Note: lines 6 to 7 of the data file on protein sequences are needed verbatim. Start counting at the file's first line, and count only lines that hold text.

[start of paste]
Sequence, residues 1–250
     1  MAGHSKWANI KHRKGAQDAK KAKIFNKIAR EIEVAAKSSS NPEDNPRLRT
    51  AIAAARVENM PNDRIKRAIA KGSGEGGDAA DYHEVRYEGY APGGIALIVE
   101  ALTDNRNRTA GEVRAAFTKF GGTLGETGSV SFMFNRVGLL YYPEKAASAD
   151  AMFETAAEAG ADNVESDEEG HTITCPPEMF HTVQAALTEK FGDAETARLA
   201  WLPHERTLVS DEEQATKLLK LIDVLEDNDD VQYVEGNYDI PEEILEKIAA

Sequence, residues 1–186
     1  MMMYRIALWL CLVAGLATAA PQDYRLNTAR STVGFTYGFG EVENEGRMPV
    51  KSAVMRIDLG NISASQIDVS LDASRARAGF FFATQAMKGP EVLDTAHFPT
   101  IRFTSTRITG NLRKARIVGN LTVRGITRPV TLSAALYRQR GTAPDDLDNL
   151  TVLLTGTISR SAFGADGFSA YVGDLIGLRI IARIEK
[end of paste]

   201  WLPHERTLVS DEEQATKLLK LIDVLEDNDD VQYVEGNYDI PEEILEKIAA

Sequence, residues 1–186